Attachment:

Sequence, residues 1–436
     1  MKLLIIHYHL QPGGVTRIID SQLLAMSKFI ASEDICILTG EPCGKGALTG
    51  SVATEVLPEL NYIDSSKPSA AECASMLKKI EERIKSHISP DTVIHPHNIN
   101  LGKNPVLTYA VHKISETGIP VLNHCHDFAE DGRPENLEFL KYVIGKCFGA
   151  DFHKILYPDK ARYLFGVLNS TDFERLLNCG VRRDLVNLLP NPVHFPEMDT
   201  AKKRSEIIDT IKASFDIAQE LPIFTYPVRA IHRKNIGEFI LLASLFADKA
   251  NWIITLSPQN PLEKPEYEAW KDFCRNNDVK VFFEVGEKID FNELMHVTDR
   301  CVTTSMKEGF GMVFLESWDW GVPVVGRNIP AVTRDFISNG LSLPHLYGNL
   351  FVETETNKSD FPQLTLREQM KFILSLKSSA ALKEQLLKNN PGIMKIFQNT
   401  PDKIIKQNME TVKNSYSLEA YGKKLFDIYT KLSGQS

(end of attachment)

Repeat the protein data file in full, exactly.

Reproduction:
Sequence, residues 1–436
     1  MKLLIIHYHL QPGGVTRIID SQLLAMSKFI ASEDICILTG EPCGKGALTG
    51  SVATEVLPEL NYIDSSKPSA AECASMLKKI EERIKSHISP DTVIHPHNIN
   101  LGKNPVLTYA VHKISETGIP VLNHCHDFAE DGRPENLEFL KYVIGKCFGA
   151  DFHKILYPDK ARYLFGVLNS TDFERLLNCG VRRDLVNLLP NPVHFPEMDT
   201  AKKRSEIIDT IKASFDIAQE LPIFTYPVRA IHRKNIGEFI LLASLFADKA
   251  NWIITLSPQN PLEKPEYEAW KDFCRNNDVK VFFEVGEKID FNELMHVTDR
   301  CVTTSMKEGF GMVFLESWDW GVPVVGRNIP AVTRDFISNG LSLPHLYGNL
   351  FVETETNKSD FPQLTLREQM KFILSLKSSA ALKEQLLKNN PGIMKIFQNT
   401  PDKIIKQNME TVKNSYSLEA YGKKLFDIYT KLSGQS